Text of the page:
For a while, many of us were engaged in a conversation about how smachot will be different following COVID. We hoped smachot might be more deliberate and thoughtful going forward. The choice to celebrate an occasion one way or another, or to spend large amounts of money on marking a simcha, would now be a deliberate decision by baalei simcha and not a product of communal expectation.
Smachot would be more meaningful, deliberate, and intimate.
While we could analyze whether these lessons have been learned, or any adjustments have ultimately been made, we know that there is a large group of young women and men who celebrated their Bar/Bat Mitzvah’s in a completely unexpected way, during the extended lockdown period. These teens will hopefully carry these memories with them, and, while no one wishes for them to have had to learn resilience and flexibility from their Bar/Bat Mitzvah celebrations, they where certainly celebrated, and the community often rallied around them while they moved their celebrations online and made other adjustments.
The break of COVID lockdown offered us the opportunity to reexamine, and reevaluate how we want to celebrate important occasions. The Torah in this week’s Torah portion, Behar, introduces to us a different kind of break, the mitzvah of Shmitta, that presents similar opportunities for reflection to those who observe its laws.
As we read the instruction in this week’s Torah portion to observe the laws of Shmitta, we are introduced to a spiritual lockdown, in which the land of Israel is left unworked, and Jewish farmers take a sabbatical to focus on their spiritual development. While discussions of shmitta often focus on the laws defining the inactivity of the land, equally as significant is the passivity of the farmer. In his or her refraining from working the land, they express tremendous faith, and inspiring sacrifice for the word of God.
In their chosen restraint the farmer becomes a hero of Israel, and teaches us a remarkable value. For six years their income is secured by the sweat of their brow, in the seventh year they are nourished and secured by faith, generosity and good will. This heroic act of sacrifice by the God-fearing farmer, is not one that is overly celebrated or championed but rather simply is expected of the God-fearing farmer. For six years the farmer uses their hands daily, and in the seventh year they use their mind, heart and soul.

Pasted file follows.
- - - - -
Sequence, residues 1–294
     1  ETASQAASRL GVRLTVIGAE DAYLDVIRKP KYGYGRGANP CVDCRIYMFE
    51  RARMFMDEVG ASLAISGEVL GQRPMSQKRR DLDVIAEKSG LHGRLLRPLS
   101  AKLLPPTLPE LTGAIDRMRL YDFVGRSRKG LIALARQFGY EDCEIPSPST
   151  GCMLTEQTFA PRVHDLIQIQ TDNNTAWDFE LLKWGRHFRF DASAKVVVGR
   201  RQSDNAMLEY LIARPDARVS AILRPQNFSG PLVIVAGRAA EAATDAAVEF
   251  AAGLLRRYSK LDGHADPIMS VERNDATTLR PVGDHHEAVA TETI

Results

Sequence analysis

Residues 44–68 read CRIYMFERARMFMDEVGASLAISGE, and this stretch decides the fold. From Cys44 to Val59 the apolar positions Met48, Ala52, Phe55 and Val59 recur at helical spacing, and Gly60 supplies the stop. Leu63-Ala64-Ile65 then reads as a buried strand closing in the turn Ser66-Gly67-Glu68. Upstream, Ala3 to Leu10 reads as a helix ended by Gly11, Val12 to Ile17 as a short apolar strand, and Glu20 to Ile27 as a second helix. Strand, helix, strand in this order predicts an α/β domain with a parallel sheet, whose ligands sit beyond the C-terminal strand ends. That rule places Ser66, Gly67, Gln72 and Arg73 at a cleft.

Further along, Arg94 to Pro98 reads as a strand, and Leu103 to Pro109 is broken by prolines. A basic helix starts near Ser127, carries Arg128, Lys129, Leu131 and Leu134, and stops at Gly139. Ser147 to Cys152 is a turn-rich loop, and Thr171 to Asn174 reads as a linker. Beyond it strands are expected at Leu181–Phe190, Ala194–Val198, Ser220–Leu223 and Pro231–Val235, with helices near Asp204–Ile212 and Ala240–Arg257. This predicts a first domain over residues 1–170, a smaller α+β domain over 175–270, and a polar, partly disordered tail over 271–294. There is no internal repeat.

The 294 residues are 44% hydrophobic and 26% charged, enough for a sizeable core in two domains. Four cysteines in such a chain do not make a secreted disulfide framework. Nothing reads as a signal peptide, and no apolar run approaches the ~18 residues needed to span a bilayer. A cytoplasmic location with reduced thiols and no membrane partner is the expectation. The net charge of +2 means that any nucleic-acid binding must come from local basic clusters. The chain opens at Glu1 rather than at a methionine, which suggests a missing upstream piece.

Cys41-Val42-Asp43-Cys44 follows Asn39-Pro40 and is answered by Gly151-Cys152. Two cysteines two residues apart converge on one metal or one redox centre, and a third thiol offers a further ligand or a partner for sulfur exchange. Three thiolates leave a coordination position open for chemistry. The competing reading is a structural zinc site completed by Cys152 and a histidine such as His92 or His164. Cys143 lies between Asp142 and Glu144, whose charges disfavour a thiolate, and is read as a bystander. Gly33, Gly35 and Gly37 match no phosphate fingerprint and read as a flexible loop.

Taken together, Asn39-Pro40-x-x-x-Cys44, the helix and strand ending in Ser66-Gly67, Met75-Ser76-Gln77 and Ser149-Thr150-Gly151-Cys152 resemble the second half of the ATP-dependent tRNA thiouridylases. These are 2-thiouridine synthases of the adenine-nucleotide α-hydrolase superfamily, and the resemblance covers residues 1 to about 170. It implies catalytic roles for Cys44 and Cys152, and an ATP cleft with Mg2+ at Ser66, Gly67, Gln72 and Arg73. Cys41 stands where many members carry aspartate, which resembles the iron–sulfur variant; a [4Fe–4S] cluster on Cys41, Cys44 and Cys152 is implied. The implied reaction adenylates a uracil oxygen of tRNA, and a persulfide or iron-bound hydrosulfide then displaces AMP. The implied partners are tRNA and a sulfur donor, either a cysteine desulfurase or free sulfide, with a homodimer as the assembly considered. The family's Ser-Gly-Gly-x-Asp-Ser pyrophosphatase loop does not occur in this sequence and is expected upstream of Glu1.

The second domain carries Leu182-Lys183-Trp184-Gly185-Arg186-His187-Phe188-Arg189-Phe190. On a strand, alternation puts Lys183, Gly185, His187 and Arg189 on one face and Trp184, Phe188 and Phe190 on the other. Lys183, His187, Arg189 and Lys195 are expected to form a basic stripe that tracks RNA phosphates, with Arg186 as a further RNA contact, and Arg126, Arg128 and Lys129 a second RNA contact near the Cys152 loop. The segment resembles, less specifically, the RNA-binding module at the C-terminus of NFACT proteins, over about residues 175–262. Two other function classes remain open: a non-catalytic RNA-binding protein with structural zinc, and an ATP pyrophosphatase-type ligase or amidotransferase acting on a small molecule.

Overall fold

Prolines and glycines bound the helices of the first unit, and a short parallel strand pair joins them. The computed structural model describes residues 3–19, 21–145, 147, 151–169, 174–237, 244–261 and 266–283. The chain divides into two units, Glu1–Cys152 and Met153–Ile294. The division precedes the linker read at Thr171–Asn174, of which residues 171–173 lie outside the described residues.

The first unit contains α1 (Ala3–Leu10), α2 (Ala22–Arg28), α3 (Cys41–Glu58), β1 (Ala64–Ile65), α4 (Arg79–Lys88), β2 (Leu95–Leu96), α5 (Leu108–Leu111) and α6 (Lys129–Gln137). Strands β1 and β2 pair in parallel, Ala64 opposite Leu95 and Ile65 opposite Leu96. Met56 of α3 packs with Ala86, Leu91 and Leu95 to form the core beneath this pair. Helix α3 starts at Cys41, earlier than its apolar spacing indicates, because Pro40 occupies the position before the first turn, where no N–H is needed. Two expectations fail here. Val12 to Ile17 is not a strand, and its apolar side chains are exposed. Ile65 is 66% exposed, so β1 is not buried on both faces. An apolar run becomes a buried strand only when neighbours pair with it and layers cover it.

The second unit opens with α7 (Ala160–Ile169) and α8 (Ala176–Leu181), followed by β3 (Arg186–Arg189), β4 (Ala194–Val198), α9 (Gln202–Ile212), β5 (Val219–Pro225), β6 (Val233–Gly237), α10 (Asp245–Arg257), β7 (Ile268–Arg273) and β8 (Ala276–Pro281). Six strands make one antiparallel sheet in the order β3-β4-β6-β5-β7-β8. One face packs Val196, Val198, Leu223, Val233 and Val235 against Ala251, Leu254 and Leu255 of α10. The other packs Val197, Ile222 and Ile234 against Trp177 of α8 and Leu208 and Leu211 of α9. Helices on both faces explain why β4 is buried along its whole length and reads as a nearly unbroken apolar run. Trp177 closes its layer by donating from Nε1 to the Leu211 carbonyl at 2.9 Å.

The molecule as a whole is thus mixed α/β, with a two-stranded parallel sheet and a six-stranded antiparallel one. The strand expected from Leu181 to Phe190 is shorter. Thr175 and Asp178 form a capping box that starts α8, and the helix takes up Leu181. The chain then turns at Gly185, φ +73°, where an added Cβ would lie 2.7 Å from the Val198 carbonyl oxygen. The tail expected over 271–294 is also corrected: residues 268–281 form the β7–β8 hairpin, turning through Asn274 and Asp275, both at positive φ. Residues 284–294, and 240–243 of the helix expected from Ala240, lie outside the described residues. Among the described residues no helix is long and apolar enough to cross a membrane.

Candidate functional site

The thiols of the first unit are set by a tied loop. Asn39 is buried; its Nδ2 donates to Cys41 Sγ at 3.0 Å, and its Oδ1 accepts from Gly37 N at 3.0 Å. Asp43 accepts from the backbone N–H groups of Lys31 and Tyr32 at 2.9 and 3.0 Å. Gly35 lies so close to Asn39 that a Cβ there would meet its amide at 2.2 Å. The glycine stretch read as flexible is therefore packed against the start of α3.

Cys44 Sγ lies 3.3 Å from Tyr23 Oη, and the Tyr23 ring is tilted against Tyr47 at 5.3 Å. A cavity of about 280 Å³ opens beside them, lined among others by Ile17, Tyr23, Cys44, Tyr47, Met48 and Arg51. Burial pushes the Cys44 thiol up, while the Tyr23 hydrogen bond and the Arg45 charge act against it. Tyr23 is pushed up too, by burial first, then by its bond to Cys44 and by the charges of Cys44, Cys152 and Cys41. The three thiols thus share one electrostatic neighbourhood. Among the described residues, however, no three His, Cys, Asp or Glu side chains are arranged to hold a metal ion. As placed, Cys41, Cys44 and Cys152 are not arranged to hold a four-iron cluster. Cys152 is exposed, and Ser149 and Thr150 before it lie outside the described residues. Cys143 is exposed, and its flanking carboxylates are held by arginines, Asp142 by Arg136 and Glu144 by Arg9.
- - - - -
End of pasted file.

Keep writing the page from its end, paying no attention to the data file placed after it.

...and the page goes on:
In the early days of COVID Bnai and Bnot Mitzvah made adjustments to keep the community safe. We celebrated their significant birthdays in different ways, and families and friends worked hard to support them through these unexpected changes. Today we find ourselves in a different place. Most events have returned to relative normality and many are grateful for the opportunity to celebrate their significant occasions within the context of their community, and among their friends.
This is why we should take a moment to think about the Jewish farmer, who quietly makes sacrifices to observe shmitta. There are few celebrations of this sacrifice, and, 6, 8, or 10 months into the year, while the field is overgrown and bills are piling up, it would be understandable if the farmer begins to feel lousy. It can feel lonely to look out of your window and see a functioning world, while yours is left unattended too.
While many are having the celebrations they wished for, there are still some families who are impacted by COVID and are making difficult decisions to change their smachot so as not to play a part in spreading COVID within the community. These sacrifices are much more closely aligned to experience of the Jewish farmer observing shmitta than the smachot of the early days of COVID. With the world having made progress, it feels bizarre that we are still being impacted by COVID, and is a hard pill to swallow, especially a young man or woman excited to begin their lives as adult members of the Jewish community.
While all of the sacrifices and adjustments made over these years have been inspiring, it is in this moment in particular, when we are so desperate for life to be normal, and we might experience our values and desires competing with each other, that the Jewish farmer reminds us that it is our values that guide us and inspire us both when celebrated in public and in private quiet moments. It is how our values impact our private choices that teach children the significance of these values. The farmer teaches his or her children faith by refraining from working their land every seven years, with no fanfare nor celebration, and it is the families that continue to make adjustments to their smachot that teach us dignity, grace and the value of life.
If you are a family that finds yourself in May ’22 planning a simcha, conflicted by how to celebrate, then finding yourselves making changes due to COVID, please know that the values that are guiding you through this difficult process are deeply inspiring, and, like the Torah promises the Jewish farmer who observes shmitta, your sacrifice will be a source of blessing for prosperity and good health for your families and your community.
May we only share the happiest occasions, in good health, together.
This short Dvar Torah is shared in honor of a special family, and the sacrifices they made this Shabbat, to ensure COVID doesn’t spread in our community. May they only know happiness, have good health, & share many smakhot within their family and our community.